Trump makes the Republican party an island unto itself

In a CNN poll this week, Trump’s approval rating among independents plummeted 16 points to 31 percent, down from 47 percent last month. Surely, that dramatic dip is an outlier but the basic trend is consistent. Two other polls this week from Washington Post-ABC News and Quinnipiac put independent support for Trump at 35 percent and 36 percent respectively.That’s largely the reason Trump’s approval ratings of late have been dragging to the point where he’s finally fallen below 40 percent in 538’s aggregate. 

Remember, part of the reason Trump managed to win office is because independents broke toward him in the final days of the 2016 election. If we are to believe the exit polls, independent voters favored him over Hillary Clinton by 4 points, 46-42 percent. But now sagging support among independents has attached to GOP lawmakers, who have done almost nothing at all to separate themselves from him. That’s at least part of why the generic ballot is trending upward for Democrats right now as Republican numbers flatline.  


“Republicans have not only been fairly silent in opposition to the president, but they’ve been driving very hard in the Senate when it comes to his Supreme Court nominee,” explained Lee Miringoff, director of the Marist Institute for Public Opinion. “Congressional Republicans are buying into Trump for November. In terms of brand, they look totally in lockstep with the president — and that has become extremely clear to voters.”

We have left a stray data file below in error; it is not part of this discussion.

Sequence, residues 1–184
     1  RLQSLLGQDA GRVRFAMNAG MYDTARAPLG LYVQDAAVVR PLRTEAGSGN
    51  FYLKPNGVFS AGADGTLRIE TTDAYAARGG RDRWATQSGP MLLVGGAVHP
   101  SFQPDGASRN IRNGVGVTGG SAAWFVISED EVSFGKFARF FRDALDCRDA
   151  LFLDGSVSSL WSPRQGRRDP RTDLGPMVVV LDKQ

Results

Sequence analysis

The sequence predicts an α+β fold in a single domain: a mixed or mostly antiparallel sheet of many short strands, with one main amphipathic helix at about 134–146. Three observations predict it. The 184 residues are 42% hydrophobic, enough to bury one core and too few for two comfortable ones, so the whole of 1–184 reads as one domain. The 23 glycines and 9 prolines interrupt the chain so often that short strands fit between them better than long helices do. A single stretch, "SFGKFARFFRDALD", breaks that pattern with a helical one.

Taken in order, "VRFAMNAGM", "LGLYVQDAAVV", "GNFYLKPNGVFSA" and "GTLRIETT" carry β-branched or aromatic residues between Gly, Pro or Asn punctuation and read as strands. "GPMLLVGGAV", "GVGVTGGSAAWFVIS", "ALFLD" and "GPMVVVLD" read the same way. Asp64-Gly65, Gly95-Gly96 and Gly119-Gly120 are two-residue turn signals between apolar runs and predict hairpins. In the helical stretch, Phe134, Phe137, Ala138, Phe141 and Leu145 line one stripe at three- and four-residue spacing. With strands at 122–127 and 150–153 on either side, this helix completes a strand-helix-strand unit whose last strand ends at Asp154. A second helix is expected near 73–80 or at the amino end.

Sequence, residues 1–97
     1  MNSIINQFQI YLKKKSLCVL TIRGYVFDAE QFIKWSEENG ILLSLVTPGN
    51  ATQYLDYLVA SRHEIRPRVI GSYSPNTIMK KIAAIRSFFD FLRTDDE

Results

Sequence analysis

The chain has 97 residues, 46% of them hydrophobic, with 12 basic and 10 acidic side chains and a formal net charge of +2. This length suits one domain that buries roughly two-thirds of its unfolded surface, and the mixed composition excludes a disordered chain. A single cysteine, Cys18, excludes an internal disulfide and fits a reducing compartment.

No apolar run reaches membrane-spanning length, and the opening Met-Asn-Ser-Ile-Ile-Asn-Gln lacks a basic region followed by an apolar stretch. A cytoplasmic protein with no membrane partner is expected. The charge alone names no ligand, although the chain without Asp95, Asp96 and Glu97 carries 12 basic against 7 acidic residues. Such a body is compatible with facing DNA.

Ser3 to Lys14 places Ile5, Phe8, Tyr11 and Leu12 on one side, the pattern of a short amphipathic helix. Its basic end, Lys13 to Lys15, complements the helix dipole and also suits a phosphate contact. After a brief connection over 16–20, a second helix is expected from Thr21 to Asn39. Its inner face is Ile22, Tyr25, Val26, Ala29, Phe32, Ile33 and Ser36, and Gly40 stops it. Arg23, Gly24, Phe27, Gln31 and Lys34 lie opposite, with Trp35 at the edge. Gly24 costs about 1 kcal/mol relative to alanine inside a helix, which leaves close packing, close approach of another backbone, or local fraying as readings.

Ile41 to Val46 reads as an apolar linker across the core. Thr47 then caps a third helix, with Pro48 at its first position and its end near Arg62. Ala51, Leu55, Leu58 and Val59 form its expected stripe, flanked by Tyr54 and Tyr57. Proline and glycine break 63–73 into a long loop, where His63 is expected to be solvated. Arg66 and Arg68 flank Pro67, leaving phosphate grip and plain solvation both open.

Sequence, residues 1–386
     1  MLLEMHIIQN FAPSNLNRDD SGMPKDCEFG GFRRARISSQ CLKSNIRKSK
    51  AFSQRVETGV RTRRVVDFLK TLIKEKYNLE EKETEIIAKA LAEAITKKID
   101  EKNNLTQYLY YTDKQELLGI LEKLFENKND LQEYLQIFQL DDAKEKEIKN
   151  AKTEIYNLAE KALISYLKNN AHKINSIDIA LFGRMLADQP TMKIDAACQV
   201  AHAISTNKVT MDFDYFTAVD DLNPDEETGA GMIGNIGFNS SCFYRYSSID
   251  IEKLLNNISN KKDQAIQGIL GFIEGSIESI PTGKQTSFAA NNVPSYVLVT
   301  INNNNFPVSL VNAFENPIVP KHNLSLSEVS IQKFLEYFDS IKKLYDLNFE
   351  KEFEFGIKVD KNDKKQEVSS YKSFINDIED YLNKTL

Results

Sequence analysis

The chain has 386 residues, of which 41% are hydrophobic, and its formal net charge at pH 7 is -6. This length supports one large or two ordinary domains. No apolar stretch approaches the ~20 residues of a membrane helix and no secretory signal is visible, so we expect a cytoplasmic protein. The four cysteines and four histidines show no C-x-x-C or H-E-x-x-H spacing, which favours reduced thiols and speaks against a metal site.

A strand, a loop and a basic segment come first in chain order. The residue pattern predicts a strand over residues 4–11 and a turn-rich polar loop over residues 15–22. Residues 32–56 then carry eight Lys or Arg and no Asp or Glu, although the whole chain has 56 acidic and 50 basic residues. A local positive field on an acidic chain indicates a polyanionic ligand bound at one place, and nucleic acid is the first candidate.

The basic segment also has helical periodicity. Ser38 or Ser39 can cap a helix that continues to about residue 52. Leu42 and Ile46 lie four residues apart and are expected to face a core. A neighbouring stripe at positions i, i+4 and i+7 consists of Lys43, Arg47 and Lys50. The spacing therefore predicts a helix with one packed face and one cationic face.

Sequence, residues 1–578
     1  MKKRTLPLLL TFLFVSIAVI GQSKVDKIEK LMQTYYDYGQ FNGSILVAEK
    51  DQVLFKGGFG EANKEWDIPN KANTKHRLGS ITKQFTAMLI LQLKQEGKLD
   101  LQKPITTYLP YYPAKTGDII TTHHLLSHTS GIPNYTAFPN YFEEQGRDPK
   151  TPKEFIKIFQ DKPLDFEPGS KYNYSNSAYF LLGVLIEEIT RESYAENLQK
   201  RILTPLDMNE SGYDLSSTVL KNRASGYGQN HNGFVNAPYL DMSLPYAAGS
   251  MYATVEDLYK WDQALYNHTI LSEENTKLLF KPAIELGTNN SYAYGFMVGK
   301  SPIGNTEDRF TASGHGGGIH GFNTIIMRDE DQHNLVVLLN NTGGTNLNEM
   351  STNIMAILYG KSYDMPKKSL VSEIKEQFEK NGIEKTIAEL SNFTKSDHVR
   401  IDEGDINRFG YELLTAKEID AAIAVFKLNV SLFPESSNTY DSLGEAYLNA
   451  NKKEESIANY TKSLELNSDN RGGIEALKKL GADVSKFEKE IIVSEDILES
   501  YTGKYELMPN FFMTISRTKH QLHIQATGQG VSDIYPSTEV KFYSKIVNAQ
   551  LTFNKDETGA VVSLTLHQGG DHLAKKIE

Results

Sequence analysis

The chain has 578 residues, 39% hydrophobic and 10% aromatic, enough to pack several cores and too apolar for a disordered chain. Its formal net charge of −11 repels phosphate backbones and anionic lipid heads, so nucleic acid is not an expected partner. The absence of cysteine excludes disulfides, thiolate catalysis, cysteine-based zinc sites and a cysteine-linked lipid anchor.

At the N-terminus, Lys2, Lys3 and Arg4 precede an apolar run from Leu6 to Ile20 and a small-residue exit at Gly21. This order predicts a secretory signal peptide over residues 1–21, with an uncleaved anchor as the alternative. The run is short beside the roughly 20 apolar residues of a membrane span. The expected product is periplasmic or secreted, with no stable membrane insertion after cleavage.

As Trump polarizes the electorate at historic rates, the priorities of independent voters are simultaneously coming in closer alignment to those of Democrats. As I noted earlier this week, the two demographics are almost in lockstep on health care and corruption being their top two priorities this fall. They also tend to be closer in their views of issues like the Russia probe. A Quinnipiac poll this week found that Americans think Robert Mueller is conducting the investigation fairly, 55-32 percent. Strong majorities of independents (55 percent) and Democrats (77 percent) agree with that while only 30 percent of Republicans say the same.

In a CNN poll, support for Trump’s impeachment rose to 47 percent, up from 42 percent in June.

That increase comes almost entirely among independents — 48% now say the President ought to be impeached, up from 38% in June — who have also soured on Trump’s job performance generally.

Still, Republican support for impeachment sits at just 8 percent.

More and more, the Republican party is adrift on the important issues of the day. Congressional Republicans’ staunch fealty to Trump—who is frankly supremely offensive, corrupt, and incompetent—has whittled the party into a fine point, small and intensely focused but disastrously ill-equipped to win elections on a large scale.

“People like to say, ‘Oh, everyone’s so divided right now,’ but I don’t think that’s the case,” said Richard Czuba of the Lansing, MI-based Glengariff Group. “Democrats and independents are viewing these issues similarly, and it’s in fact the Republican base that’s viewing issues differently than everyone else.”

Neither major party in this country can win elections without a coalition of voters, Republicans seem to have forgotten that. And as small as Trump’s coalition was when he eked out an unlikely victory in 2016, it’s practically nonexistent as we head into the final weeks of the midterms.

So on Nov. 6, get out there and vote like you mean it!

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